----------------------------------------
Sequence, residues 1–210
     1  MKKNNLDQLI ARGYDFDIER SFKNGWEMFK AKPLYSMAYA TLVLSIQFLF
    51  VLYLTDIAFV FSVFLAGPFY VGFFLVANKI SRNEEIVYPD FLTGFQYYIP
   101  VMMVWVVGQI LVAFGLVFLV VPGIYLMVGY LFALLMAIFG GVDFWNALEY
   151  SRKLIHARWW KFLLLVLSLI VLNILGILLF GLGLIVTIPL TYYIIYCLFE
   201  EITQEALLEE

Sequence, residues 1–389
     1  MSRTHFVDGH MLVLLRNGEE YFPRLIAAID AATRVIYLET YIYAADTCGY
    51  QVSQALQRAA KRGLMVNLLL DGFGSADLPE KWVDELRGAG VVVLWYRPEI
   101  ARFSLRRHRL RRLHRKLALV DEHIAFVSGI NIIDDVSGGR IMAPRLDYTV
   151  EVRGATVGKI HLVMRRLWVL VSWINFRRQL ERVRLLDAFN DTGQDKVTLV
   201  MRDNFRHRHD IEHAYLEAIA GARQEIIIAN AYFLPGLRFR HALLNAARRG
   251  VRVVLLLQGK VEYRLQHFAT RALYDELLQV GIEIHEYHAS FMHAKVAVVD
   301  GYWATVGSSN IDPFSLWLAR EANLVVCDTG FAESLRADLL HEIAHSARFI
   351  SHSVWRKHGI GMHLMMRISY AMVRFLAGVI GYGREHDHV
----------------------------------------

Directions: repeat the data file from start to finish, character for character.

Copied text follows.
Sequence, residues 1–210
     1  MKKNNLDQLI ARGYDFDIER SFKNGWEMFK AKPLYSMAYA TLVLSIQFLF
    51  VLYLTDIAFV FSVFLAGPFY VGFFLVANKI SRNEEIVYPD FLTGFQYYIP
   101  VMMVWVVGQI LVAFGLVFLV VPGIYLMVGY LFALLMAIFG GVDFWNALEY
   151  SRKLIHARWW KFLLLVLSLI VLNILGILLF GLGLIVTIPL TYYIIYCLFE
   201  EITQEALLEE

Sequence, residues 1–389
     1  MSRTHFVDGH MLVLLRNGEE YFPRLIAAID AATRVIYLET YIYAADTCGY
    51  QVSQALQRAA KRGLMVNLLL DGFGSADLPE KWVDELRGAG VVVLWYRPEI
   101  ARFSLRRHRL RRLHRKLALV DEHIAFVSGI NIIDDVSGGR IMAPRLDYTV
   151  EVRGATVGKI HLVMRRLWVL VSWINFRRQL ERVRLLDAFN DTGQDKVTLV
   201  MRDNFRHRHD IEHAYLEAIA GARQEIIIAN AYFLPGLRFR HALLNAARRG
   251  VRVVLLLQGK VEYRLQHFAT RALYDELLQV GIEIHEYHAS FMHAKVAVVD
   301  GYWATVGSSN IDPFSLWLAR EANLVVCDTG FAESLRADLL HEIAHSARFI
   351  SHSVWRKHGI GMHLMMRISY AMVRFLAGVI GYGREHDHV